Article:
Evaluate [latex]\underset{\theta \to 0}{\lim}\frac{1- \cos \theta}{\sin \theta}[/latex].

Hint

Multiply numerator and denominator by [latex]1+ \cos \theta[/latex].

Special Trigonometric Limits

Summarizing our work from above we have two special limits:      [latex]\underset{\theta \to 0}{\lim}\frac{\sin \theta}{\theta}=1[/latex]    and   [latex]\underset{\theta \to 0}{\lim}\frac{1- \cos \theta}{\theta}=0[/latex]

 Evaluating a Limit involving [latex]\frac{\sin \theta}{\theta}[/latex] and [latex]\frac{1-\cos\theta}{\theta}[/latex]

Evaluate [latex]\underset{\theta \to 0}{\lim}\frac{\sin 3\theta}{2\theta}[/latex].

Evaluate [latex]\underset{\theta \to 0}{\lim}\frac{1- \cos 3\theta}{9\theta}[/latex].

Hint

Divide the numerator and denominator by [latex]3[/latex].

Key Equations

  • One-Sided Limits
    [latex]\underset{x\to a^-}{\lim}f(x)=L[/latex]
    [latex]\underset{x\to a^+}{\lim}f(x)=L[/latex]
  • Important Limits
    [latex]\underset{\theta \to 0}{\lim}\frac{\sin \theta}{\theta}=1[/latex]
    [latex]\underset{\theta \to 0}{\lim}\frac{1- \cos \theta}{\theta}=0[/latex]

In the following exercises, set up a table of values to find the indicated limit. Round to eight digits.

1. [T] [latex]\underset{t\to 0^+}{\lim}\frac{\cos t}{t}[/latex]

[latex]t[/latex] [latex]\frac{\cos t}{t}[/latex]
0.1 a.
0.01 b.
0.001 c.
0.0001 d.

2. [T] [latex]\underset{x\to 2^-}{\lim}\frac{1-\frac{2}{x}}{x^2-4}[/latex]

[latex]x[/latex] [latex]\frac{1-\frac{2}{x}}{x^2-4}[/latex] [latex]x[/latex] [latex]\frac{1-\frac{2}{x}}{x^2-4}[/latex]
1.9 a. 2.1 e.
1.99 b. 2.01 f.
1.999 c. 2.001 g.
1.9999 d. 2.0001 h.

In the following exercises, set up a table of values and round to eight significant digits. Based on the table of values, make a guess about what the limit is. Then, use a calculator to graph the function and determine the limit. Was the conjecture correct? If not, why does the method of tables fail?

3. [T] [latex]\underset{\theta \to 0^-}{\lim}\sin (\frac{\pi }{\theta })[/latex]

θ [latex] \sin (\frac{\pi }{\theta })[/latex] θ [latex] \sin (\frac{\pi }{\theta })[/latex]
−0.1 a. 0.1 e.
−0.01 b. 0.01 f.
−0.001 c. 0.001 g.
−0.0001 d. 0.0001 h.

4. [T] [latex]\underset{\alpha \to 0^+}{\lim}\frac{1}{\alpha } \cos (\frac{\pi }{\alpha })[/latex]

[latex]a[/latex] [latex]\frac{1}{\alpha } \cos (\frac{\pi }{\alpha })[/latex]
0.1 a.
0.01 b.
0.001 c.
0.0001 d.

In the following exercises, use direct substitution to obtain an undefined expression. Then, use the method of (Figure) to simplify the function to help determine the limit.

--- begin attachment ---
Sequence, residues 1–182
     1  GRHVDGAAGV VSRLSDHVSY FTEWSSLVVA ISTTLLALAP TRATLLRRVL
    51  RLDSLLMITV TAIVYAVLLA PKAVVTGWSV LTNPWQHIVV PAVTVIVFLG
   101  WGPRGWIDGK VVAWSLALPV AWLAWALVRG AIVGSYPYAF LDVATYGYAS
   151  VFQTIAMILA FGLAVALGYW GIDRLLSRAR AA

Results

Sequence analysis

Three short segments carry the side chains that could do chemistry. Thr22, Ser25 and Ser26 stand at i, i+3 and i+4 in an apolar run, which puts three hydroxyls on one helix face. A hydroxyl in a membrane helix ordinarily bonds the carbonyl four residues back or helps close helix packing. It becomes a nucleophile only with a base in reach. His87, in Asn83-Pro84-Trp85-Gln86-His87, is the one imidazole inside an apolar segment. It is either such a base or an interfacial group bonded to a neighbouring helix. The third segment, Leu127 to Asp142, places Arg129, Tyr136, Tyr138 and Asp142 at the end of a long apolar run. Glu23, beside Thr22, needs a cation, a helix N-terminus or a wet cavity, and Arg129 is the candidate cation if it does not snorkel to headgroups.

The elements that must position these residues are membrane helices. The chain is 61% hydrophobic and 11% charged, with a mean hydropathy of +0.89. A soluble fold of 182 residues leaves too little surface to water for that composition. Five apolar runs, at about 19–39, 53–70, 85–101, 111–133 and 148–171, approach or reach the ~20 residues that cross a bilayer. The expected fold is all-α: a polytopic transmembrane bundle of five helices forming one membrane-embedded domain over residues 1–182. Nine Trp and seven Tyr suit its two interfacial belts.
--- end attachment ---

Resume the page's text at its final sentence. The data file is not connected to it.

5. [latex]\underset{x\to 1^+}{\lim}\frac{2x^2+7x-4}{x^2+x-2}[/latex]

6. [latex]\underset{x\to -2^-}{\lim}\frac{2x^2+7x-4}{x^2+x-2}[/latex]

7. [latex]\underset{x\to -2^+}{\lim}\frac{2x^2+7x-4}{x^2+x-2}[/latex]

8. [latex]\underset{x\to 1^-}{\lim}\frac{2x^2+7x-4}{x^2+x-2}[/latex]

In the following exercises, use a calculator to draw the graph of each piecewise-defined function and study the graph to evaluate the given limits.

9. [T] [latex]g(x)=\begin{cases} 3-x & x \le 2 \\ \frac{x}{2} & x > 2 \end{cases}[/latex]

  1. [latex]\underset{x\to 2^-}{\lim}g(x)[/latex]
  2. [latex]\underset{x\to 2^+}{\lim}g(x)[/latex]

10. [T] [latex]f(x)=\begin{cases} x^2 & x \le 3 \\ x+4 & x > 3 \end{cases}[/latex]

  1. [latex]\underset{x\to 3^-}{\lim}f(x)[/latex]
  2. [latex]\underset{x\to 3^+}{\lim}f(x)[/latex]

11. [T] [latex]g(x)=\begin{cases} x^3 - 1 & x \le 0 \\ 1 & x > 0 \end{cases}[/latex]

  1. [latex]\underset{x\to 0^-}{\lim}g(x)[/latex]
  2. [latex]\underset{x\to 0^+}{\lim}g(x)[/latex]

12. [T] [latex]h(x)=\begin{cases} x^2-2x+1 & x < 2 \\ 3 - x & x \ge 2 \end{cases}[/latex]

    1. [latex]\underset{x\to 2^-}{\lim}h(x)[/latex]
    2. [latex]\underset{x\to 2^+}{\lim}h(x)[/latex]

In the following exercises, use the following graphs and the limit laws to evaluate each limit.

Two graphs of piecewise functions. The upper is f(x), which has two linear segments. The first is a line with negative slope existing for x < -3. It goes toward the point (-3,0) at x= -3. The next has increasing slope and goes to the point (-3,-2) at x=-3. It exists for x > -3. Other key points are (0, 1), (-5,2), (1,2), (-7, 4), and (-9,6). The lower piecewise function has a linear segment and a curved segment. The linear segment exists for x < -3 and has decreasing slope. It goes to (-3,-2) at x=-3. The curved segment appears to be the right half of a downward opening parabola. It goes to the vertex point (-3,2) at x=-3. It crosses the y axis a little below y=-2. Other key points are (0, -7/3), (-5,0), (1,-5), (-7, 2), and (-9, 4).

13. [latex]\underset{x\to -3^+}{\lim}(f(x)+g(x))[/latex]

14. [latex]\underset{x\to -3^-}{\lim}(f(x)-3g(x))[/latex]

In the following exercises, consider the graph of the function [latex]y=f(x)[/latex] shown here. Which of the statements about [latex]y=f(x)[/latex] are true and which are false? Explain why a statement is false.

A graph of a piecewise function with three segments and a point. The first segment is a curve opening upward with vertex at (-8, -6). This vertex is an open circle, and there is a closed circle instead at (-8, -3). The segment ends at (-2,3), where there is a closed circle. The second segment stretches up asymptotically to infinity along x=-2, changes direction to increasing at about (0,1.25), increases until about (2.25, 3), and decreases until (6,2), where there is an open circle. The last segment starts at (6,5), increases slightly, and then decreases into quadrant four, crossing the x axis at (10,0). All of the changes in direction are smooth curves.